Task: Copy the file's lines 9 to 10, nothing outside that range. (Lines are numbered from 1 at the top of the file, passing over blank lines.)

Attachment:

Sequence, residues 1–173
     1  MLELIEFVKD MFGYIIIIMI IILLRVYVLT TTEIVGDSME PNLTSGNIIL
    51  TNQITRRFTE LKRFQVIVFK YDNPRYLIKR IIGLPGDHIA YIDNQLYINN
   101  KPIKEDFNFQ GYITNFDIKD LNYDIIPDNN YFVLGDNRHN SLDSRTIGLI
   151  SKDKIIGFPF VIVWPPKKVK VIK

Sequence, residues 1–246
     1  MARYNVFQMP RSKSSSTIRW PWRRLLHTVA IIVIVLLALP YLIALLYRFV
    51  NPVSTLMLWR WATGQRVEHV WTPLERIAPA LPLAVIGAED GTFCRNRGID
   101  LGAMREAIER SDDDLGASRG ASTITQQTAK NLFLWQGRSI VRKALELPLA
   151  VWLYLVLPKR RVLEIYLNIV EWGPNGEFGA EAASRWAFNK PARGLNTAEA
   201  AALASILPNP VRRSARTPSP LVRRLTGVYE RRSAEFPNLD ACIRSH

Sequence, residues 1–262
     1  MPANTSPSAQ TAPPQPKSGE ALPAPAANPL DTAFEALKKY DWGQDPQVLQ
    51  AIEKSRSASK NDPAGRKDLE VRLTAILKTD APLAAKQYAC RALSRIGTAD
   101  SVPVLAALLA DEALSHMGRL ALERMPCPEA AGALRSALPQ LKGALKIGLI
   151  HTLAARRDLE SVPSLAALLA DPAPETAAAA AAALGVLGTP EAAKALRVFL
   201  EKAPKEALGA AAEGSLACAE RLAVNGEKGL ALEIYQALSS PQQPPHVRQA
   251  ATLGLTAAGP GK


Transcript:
   101  LGAMREAIER SDDDLGASRG ASTITQQTAK NLFLWQGRSI VRKALELPLA
   151  VWLYLVLPKR RVLEIYLNIV EWGPNGEFGA EAASRWAFNK PARGLNTAEA